# I Probability of cosine of angle between two directions in collision

1. Oct 13, 2016

### albertrichardf

The question refers to the Feynman lectures on physics Vol I chapter 39. He discusses collisions between gas molecules. Here is a relevant extract:

They are equally likely to go in all directions, but how do we say that? There is of course no likelihood that they will go in any specific direction, because a specific direction is too exact, so we have to talk about per unit “something.” The idea is that any area on a sphere centered at a collision point will have just as many molecules going through it as go through any other equal area on the sphere. So the result of the collisions will be to distribute the directions so that equal areas on a sphere will have equal probabilities.

Incidentally, if we just want to discuss the original direction and some other direction an angle ø from it, it is an interesting property that the differential area of a sphere of unit radius is sin ø dø times 2π. And sin ø dø is the same as the differential of - cos ø. So what it means is that the cosine of the angle ø between any two directions is equally likely to be anything from -1 to 1.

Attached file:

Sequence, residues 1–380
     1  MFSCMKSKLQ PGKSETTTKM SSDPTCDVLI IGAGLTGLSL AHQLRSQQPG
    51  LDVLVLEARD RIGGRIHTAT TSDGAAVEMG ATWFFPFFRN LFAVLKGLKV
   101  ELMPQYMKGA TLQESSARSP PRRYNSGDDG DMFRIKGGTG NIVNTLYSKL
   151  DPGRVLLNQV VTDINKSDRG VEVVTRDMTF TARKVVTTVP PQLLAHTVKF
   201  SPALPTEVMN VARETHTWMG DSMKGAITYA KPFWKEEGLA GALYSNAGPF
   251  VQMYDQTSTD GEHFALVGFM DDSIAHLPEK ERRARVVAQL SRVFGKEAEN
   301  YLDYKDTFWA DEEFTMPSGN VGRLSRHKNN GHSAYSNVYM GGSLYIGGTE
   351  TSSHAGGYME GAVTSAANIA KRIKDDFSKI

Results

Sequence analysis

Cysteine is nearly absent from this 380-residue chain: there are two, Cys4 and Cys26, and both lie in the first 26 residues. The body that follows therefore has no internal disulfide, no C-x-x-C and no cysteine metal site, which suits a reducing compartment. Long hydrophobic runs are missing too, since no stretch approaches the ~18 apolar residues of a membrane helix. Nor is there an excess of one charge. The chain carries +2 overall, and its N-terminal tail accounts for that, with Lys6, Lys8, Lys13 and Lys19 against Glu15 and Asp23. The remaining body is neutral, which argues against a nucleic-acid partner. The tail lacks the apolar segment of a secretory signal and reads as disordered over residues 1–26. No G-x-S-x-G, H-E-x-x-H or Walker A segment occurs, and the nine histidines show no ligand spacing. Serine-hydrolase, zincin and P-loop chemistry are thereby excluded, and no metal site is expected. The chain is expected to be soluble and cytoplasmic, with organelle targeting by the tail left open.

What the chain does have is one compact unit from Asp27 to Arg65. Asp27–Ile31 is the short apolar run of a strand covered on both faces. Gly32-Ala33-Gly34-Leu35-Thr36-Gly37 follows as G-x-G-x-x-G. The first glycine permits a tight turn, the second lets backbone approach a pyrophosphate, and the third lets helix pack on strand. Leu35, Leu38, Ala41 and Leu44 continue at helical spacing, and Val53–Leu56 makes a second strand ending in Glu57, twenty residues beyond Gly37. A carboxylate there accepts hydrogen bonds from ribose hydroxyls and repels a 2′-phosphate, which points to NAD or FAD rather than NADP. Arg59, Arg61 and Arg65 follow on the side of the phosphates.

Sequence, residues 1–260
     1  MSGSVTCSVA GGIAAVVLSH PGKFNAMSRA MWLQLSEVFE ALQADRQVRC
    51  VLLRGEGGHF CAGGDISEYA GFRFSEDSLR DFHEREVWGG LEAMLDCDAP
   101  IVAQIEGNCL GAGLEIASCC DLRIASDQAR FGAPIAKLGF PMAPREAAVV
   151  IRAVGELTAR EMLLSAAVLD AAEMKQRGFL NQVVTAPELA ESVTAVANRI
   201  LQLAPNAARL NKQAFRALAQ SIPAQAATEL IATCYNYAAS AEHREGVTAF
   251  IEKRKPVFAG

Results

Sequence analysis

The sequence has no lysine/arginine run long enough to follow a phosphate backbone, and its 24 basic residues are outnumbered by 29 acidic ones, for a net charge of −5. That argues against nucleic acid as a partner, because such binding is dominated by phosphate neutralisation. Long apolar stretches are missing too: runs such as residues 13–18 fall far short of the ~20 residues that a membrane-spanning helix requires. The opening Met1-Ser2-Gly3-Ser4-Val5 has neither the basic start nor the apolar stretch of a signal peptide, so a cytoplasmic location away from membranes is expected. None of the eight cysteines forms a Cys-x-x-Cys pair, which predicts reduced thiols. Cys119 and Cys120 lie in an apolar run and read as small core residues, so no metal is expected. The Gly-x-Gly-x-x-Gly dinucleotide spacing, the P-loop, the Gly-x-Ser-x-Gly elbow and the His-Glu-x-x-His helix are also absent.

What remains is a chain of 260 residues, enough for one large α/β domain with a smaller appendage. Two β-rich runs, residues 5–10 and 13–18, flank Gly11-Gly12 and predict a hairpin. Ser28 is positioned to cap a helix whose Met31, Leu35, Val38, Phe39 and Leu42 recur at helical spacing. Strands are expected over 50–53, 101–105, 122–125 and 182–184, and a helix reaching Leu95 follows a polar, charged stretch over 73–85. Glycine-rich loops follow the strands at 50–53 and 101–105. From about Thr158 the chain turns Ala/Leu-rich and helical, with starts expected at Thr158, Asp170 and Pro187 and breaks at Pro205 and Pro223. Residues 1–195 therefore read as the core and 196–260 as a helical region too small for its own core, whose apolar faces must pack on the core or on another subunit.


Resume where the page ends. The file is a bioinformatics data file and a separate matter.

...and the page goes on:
My question is how does he conclude that cos ø could be anything from 1 to -1 based on the idea that equal areas have an equal number of molecules passing through? I can't see that at all. The first paragraph just compares areas, but when he talks about cos ø he puts forth only one area: That between the two directions. So how does he go from 2 areas to one only?

Here is the link to the chapter: http://www.feynmanlectures.caltech.edu/I_39.html It is in section four.

2. Oct 13, 2016

### pixel

There is an original direction, vertically upward in his Fig. 32-1, and a new direction specified by the polar angle θ. He calculates a differential annular segment with area 2π sinθ dθ (that includes all azimuthal angles as these are equally probable by symmetry). All such annular segments will have equal probabilities to contain molecules, that is, equal numbers of molecules going through it as through any other annulus. Now it's just a mathematical fact that d(-cosθ) = sinθ dθ so any value of cosθ is equally likely to contain molecules. (It's a bit confusing that he is using ∅ in the paragraph and θ in the figure).

3. Oct 13, 2016

### albertrichardf

Oh alright. So essentially the cos theta comes from the coordinate system rather than the angle forming the area. Thanks for the explanation.

4. Oct 13, 2016

### pixel

I'm not sure what you mean by this.